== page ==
By Jim Stafford
STILLWATER – Don’t look for a sign in downtown Stillwater advertising the presence of HostBridge Technology, which has maintained its headquarters just off Main Street for two decades.
There isn’t one.
Founded by Russell Teubner in 2000, HostBridge Technology occupies a historic building along E. 7th Street, just off Main Street. The company employs about a dozen people in Stillwater, along with contract workers worldwide.
“Stillwater is where we live and work,” Teubner told me and a colleague from the Oklahoma Center for the Advancement of Science and Technology (OCAST) when we visited the HostBridge HQ in early January. “Our customers are national and international, so we have none that are located here in Stillwater. I don’t need to have a magnificent sign sitting on the front of the building.”
HostBridge Technology was created around patented intellectual property developed by Teubner that solves the communications challenges between newer mobile devices and large IBM mainframe computers.
Today, HostBridge markets a suite of patented software products that facilitate interactions between different computer systems for customers across a diverse range of industries, from manufacturing to financial services to health care.
“All of our software products fit into the same theme, helping organizations integrate something existing and something emerging, but all focus on different problems that large enterprises have,” he said. “The world’s largest credit union would not be able to process transactions without our software, and one of the largest medical insurance administrators in the country wouldn’t be able to process claims without our software.”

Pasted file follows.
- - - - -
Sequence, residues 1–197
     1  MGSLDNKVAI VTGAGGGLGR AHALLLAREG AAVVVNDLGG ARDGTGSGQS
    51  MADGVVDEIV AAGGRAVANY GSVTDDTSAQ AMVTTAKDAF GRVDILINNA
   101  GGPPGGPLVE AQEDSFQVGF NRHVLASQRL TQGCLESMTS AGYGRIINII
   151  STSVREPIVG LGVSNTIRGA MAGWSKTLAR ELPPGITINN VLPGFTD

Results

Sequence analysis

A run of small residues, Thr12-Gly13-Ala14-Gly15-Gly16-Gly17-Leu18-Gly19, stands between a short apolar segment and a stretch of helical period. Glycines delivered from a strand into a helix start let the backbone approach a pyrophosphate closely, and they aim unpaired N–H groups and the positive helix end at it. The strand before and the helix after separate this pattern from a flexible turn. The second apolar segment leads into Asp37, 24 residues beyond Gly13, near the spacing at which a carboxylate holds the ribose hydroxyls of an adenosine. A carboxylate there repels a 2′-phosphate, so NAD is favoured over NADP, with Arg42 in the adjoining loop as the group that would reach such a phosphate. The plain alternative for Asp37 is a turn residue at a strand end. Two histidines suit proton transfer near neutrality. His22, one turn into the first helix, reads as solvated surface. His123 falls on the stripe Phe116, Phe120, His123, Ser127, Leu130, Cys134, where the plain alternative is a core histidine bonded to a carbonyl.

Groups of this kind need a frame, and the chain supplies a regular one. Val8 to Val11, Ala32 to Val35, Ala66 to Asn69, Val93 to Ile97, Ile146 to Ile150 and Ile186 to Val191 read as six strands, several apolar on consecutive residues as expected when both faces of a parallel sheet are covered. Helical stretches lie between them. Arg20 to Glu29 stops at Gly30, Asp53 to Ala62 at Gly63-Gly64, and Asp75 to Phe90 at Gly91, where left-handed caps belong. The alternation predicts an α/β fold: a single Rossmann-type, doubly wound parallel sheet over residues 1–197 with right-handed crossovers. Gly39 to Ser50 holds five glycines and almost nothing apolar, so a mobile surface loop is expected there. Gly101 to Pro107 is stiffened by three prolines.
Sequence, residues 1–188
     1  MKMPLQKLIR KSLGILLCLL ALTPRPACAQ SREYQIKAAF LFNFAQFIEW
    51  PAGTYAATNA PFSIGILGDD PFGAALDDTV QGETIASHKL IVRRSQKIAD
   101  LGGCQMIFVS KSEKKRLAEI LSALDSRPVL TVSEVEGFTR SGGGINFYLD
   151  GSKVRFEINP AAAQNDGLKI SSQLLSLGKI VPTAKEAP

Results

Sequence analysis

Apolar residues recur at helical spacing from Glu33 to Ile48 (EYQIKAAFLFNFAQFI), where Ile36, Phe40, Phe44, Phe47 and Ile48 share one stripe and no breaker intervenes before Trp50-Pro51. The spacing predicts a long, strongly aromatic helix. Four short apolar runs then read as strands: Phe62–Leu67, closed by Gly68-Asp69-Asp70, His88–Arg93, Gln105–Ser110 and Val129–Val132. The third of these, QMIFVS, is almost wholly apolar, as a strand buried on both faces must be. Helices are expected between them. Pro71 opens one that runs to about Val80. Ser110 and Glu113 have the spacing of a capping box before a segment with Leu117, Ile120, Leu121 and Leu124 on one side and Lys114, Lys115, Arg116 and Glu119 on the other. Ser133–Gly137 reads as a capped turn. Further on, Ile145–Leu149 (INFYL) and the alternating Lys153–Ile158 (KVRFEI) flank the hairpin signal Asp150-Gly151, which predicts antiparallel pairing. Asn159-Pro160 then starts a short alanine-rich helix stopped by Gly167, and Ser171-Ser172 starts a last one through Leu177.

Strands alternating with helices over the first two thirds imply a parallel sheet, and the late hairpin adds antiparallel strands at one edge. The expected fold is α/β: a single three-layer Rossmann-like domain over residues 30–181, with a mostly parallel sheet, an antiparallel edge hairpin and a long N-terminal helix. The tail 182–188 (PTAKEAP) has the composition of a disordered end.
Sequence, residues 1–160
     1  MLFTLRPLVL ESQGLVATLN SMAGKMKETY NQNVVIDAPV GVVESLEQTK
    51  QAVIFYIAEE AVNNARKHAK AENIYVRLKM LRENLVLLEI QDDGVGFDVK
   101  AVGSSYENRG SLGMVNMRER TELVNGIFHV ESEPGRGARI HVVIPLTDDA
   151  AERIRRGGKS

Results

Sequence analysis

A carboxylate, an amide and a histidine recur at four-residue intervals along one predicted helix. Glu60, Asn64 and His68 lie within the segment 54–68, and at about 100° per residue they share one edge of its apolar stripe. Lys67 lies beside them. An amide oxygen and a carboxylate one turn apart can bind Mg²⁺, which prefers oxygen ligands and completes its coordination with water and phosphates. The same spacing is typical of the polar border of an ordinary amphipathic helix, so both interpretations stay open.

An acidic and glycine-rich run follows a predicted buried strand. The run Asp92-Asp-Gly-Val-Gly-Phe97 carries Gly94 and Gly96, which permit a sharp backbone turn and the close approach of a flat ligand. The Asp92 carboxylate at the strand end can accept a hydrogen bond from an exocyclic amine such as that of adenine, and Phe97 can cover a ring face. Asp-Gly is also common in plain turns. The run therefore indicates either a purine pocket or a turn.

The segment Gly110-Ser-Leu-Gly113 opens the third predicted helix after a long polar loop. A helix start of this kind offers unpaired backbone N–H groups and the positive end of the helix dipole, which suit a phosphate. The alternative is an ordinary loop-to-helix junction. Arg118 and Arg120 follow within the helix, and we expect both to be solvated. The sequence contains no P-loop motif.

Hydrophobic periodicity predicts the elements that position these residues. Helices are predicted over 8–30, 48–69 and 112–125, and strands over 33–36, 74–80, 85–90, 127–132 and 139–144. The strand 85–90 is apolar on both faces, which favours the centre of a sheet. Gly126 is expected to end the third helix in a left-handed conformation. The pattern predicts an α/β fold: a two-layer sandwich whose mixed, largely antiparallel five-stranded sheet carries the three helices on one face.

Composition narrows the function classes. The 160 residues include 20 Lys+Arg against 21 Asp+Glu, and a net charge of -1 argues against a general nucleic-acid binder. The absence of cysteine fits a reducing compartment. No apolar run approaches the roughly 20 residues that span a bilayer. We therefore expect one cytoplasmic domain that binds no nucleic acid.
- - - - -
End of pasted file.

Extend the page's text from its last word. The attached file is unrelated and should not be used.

A Tulsa native, Teubner majored in business at Oklahoma State University, graduating in 1978, and remained in Stillwater as he built his businesses. He has maintained close ties with the university throughout the years, and is a member of the OSU Alumni Association and Spears School of Business Halls of Fame.
Teubner was working fulltime for OSU when he graduated, then created his first software development business called Teubner & Associates. That company flourished and was eventually sold to an international software company called Esker.
HostBridge Technology still maintains a close working relationship with IBM, which began when Teubner was an OSU student and the university needed a way to integrate an IBM mainframe with another computer system on campus.
“It was in that soil that I sort of cut my teeth figuring out how to write software that would resolve incompatibilities between large mainframes and other systems of different types of computers,” he said. “The way we solved that problem ultimately became a product and that product became my first company.”
Teubner attributes the OCAST Technology Business Finance Program managed by Oklahoma Innovation Model partner i2E, Inc., for funding that helped HostBridge scale its early sales and marketing efforts. He recently joined the Oklahoma Science and Technology Research and Development (OSTRaD) Board, which is the governing board that provides oversight for OCAST.
“OCAST really was a participant in HostBridge Technology’s original first steps to go from proof of concept to commercialization,” he said. “It has really focused on getting all of these various Oklahoma initiatives and organizations to work together. I think the Oklahoma Innovation Model is both simple and brilliant.”
As Teubner escorted us through a virtual art gallery that dominates the first floor of HostBridge’s headquarters, he confessed that he’s rethinking his strategy of not branding his building with a sign. Turns out that potential customers often use online map and streetscape technology to locate the business as they research his company.
“One of them recently called and said ‘you don’t have a sign; why is that?’ Teubner said. “So, we’re going to fix that.”
Jim Stafford writes about Oklahoma innovation and research and development topics on behalf of the Oklahoma Center for the Advancement of Science & Technology (OCAST).